Notice & Comment

Interim-Final or Temporary Regulations: Playing Fast and Loose with the Rules (Sometimes), by Kristin E. Hickman

In administrative law doctrine, much significance is placed not only on what agencies say but on the format they use to say it. Interpretations of statutes expressed in legislative rules carry the force of law—i.e., are legally binding on private parties—so must comply with Administrative Procedure Act (APA) notice and comment requirements and usually are eligible for judicial review on a pre-enforcement basis, albeit under the deferential Chevron standard of review. Interpretations of statutes expressed in less formal documents that qualify as interpretative rules or policy statements generally lack the force of law, do not require APA notice and comment procedures, and receive the less deferential Skidmore review by judges.

Interim-final or temporary regulations fall in the middle, in that they carry legal force, are subject to pre-enforcement judicial review, and are eligible for Chevron deference, but forego pre-promulgation notice and comment procedures. Sometimes Congress expressly authorizes interim-final or temporary regulations. More typically, agencies rely on the APA’s good cause exception in foregoing pre-promulgation notice and comment. Consistent with a recommendation of the Administrative Conference of the United States, agencies that claim good cause and adopt interim-final or temporary regulations often invite the interested public to submit comments after promulgation, and may publish responses to those comments or even modify the regulations in question.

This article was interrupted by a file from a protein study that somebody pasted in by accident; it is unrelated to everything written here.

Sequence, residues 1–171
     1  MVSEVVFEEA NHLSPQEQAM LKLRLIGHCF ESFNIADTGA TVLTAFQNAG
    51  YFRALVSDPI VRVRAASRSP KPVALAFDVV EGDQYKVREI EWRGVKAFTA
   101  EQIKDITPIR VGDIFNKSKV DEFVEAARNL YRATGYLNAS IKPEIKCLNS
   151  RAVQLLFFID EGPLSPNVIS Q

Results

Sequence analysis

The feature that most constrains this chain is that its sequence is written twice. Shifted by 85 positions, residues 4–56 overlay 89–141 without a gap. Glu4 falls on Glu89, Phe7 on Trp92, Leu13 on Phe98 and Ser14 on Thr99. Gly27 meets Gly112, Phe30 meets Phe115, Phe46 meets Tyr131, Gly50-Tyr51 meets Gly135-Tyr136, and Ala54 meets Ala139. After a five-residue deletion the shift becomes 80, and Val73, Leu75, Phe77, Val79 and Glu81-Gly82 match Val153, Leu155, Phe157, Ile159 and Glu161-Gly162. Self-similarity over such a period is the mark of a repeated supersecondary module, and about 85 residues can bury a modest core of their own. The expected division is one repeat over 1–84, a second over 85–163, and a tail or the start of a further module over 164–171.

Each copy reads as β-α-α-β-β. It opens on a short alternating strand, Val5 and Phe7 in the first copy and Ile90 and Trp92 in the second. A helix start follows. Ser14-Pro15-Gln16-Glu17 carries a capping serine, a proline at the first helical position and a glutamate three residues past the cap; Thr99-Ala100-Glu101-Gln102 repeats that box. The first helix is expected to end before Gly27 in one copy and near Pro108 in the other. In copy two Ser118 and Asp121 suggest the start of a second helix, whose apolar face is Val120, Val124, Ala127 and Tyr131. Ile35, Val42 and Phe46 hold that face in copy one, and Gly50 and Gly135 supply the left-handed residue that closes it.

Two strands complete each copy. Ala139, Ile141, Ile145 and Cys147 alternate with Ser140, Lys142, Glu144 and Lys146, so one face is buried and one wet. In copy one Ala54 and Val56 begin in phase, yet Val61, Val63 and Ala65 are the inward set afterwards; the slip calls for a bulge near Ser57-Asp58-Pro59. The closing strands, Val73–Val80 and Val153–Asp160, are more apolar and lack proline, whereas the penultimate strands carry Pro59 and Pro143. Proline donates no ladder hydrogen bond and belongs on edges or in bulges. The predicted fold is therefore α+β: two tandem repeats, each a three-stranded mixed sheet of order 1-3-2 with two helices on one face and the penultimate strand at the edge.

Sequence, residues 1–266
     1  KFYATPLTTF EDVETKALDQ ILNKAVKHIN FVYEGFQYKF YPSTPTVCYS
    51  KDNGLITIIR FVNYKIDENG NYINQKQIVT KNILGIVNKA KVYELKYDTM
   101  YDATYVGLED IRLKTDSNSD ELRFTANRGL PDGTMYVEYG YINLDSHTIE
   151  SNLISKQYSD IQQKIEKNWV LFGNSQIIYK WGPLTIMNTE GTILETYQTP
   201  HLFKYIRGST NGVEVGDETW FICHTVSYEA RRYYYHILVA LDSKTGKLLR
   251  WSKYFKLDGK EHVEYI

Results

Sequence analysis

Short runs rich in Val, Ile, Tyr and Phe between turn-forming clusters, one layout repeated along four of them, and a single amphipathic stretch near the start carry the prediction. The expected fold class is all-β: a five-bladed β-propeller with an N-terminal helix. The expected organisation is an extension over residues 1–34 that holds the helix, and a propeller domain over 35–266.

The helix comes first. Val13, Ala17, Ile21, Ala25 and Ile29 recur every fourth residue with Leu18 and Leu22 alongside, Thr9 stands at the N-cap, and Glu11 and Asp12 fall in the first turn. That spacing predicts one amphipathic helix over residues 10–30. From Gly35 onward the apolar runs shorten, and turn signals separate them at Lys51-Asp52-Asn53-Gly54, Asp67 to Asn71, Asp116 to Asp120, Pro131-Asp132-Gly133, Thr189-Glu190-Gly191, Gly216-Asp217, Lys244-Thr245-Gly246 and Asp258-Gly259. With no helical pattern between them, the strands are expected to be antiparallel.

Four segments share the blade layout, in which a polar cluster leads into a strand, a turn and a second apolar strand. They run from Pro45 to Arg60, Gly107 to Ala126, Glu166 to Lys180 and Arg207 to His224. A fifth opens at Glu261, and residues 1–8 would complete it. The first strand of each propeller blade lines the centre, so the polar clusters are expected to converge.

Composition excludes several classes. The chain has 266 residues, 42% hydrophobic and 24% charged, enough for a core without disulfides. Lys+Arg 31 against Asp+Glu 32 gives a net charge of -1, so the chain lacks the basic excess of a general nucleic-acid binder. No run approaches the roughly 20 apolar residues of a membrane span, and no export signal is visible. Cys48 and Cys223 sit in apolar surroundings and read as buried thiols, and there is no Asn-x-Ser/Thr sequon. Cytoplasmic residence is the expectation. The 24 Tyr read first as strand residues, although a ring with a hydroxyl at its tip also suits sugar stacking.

Procedure conveys legitimacy in the eyes of those subject to regulatory commands. So, perhaps recognizing that the middle ground occupied by interim-final or temporary regulations is a bit fraught in that regard, courts construe the good cause exception narrowly to prevent agencies from avoiding notice and comment procedures on a whim. Regulations that respond directly and demonstrably to imminent life-or-death circumstances pass muster. Regulations that generically assert a need for immediate guidance do not. At the same time, jurisprudence interpreting the good cause exception is murky. An agency may claim good cause in good faith, only to have a reviewing court later conclude otherwise. Courts recognize that some agency procedural errors may be unintentional. The APA counsels courts to take “due account . . . of the rule of prejudicial error”—i.e., the harmless error rule—when evaluating agency violations of APA requirements. Courts in some cases have been willing to declare a mistaken good cause claim harmless. Yet again, courts are wary of applying the harmless error rule too liberally.